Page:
A 2021 study conducted on power outages in Ethiopia by Tinsaye Hadush and Marc Jeuland clarifies this: “Frequent and long-lasting disruptions of electricity supply, both predictable (e.g., due to regular load shedding) and unpredictable (e.g., from equipment failure or overloaded transmission and distribution infrastructure), force households and enterprises to maintain a stock of alternatives … such as charcoal, fuelwood, kerosene, and LPG, many of which are also highly polluting.”
This only concerns less than half of the Ethiopian population as a 2018 report indicated that only 45% of Ethiopians access electricity. The rest are already dependent on charcoal and firewood for energy, irrespective of seasonal changes.
Credit: Tesfalidet Bizuwork
The Green Legacy campaign
This brings us to the government’s current effort to increase the country’s forest coverage under the initiative Green Legacy. As stated on the initiative’s official website, the campaign aims at creating “a greener and cleaner Ethiopia”, acquaint citizens with “Ethiopia’s frightening environmental degradation, and educate society on the importance of adapting green behavior”.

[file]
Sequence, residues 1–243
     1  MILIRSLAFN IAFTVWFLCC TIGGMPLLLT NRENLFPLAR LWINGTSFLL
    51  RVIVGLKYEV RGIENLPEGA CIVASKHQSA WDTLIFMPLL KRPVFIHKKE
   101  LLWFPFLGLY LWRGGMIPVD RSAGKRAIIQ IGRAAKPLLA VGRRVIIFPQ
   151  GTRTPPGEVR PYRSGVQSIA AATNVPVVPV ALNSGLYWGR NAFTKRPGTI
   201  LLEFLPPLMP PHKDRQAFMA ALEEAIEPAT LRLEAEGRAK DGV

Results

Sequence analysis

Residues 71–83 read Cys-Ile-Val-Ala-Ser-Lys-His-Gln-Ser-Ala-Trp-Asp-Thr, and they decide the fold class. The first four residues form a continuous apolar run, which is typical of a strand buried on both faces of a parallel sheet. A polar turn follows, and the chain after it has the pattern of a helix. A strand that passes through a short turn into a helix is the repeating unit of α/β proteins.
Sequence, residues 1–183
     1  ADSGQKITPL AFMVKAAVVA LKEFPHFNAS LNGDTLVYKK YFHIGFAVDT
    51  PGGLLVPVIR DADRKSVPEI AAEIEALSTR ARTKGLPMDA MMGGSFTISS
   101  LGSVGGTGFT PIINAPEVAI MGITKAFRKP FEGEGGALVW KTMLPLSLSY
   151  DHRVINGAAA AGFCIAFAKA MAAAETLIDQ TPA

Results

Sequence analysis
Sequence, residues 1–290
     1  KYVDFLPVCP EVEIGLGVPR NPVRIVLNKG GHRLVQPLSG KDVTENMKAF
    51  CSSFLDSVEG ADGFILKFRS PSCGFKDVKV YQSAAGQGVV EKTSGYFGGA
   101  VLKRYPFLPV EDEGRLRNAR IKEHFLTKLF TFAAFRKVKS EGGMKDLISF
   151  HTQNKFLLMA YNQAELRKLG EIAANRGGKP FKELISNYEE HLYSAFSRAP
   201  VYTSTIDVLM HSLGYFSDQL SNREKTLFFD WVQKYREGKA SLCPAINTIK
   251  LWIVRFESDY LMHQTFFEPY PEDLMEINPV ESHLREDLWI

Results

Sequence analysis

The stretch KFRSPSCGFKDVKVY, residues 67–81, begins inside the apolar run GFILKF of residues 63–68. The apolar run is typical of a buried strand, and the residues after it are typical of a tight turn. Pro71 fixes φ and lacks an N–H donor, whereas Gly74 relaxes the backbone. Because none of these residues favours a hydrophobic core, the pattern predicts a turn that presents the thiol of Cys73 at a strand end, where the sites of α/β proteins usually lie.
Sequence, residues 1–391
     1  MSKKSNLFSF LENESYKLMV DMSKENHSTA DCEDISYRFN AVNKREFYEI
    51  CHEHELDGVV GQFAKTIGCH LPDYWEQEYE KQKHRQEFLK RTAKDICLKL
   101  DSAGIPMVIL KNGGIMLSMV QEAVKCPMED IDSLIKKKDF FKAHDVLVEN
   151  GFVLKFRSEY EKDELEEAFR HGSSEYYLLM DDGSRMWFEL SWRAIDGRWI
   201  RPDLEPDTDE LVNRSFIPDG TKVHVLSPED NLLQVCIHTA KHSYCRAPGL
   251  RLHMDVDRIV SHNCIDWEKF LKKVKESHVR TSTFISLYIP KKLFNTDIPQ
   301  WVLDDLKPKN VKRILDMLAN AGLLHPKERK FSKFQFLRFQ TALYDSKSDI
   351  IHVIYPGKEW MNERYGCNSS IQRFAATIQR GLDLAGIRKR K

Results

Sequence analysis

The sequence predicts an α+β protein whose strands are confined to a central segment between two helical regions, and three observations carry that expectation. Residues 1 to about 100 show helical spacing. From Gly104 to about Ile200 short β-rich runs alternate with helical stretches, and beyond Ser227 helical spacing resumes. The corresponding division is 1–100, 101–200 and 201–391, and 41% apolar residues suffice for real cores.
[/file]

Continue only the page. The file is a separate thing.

This campaign was preceded by the “Two trees for millennium” movement that was launched during the Ethiopian Millennium (in 2007 – as Ethiopia falls seven years behind the Gregorian Calendar). It encouraged the Ethiopian citizens to plant two trees each.
There were subsequent events during the Ethiopian millennium where many participated in planting saplings of indigenous trees. However, Prime Minister Abiy’s Green Legacy movement has given it a new peak.
Planning to plant over 20 billion saplings within 4 years, the Green Legacy campaign managed to plant 18 billion so far, with an 80% survival rate, according to PM Abiy.
Still, in proportion with those planted, other grown trees are cut for energy consumption.
Planting trees, cutting trees – the ceaseless circle
Because of the repeated power outage, Netsanet uses alternative energy sources, such as charcoal and firewood to cook food, bake injera, and do other activities. She uses 50 kg of charcoal currently costing from 400 – 500 ETB (about 8-10 USD), which holds her up for a month or so.
Beyene, a charcoal merchant in Adama, also agrees that many people use more charcoal during winter. He says, “Last year, the cost of 50 kg of charcoal was 300 ETB. Now we sell it for up to 400 and 450 ETB.” As Beyene told us, the supply of charcoal is from the Afar region.
In Ethiopia, charcoal production is still traditional. The charcoal producers use a traditional kiln, built like a dome from the soil. It takes up to a week to get the appropriate charcoal product.
This internationally proven environment-polluting activity of producing charcoal, Beyene says, is carried out vigorously in May and June (prior to the heavy winter), for there could be flooding once winter settles.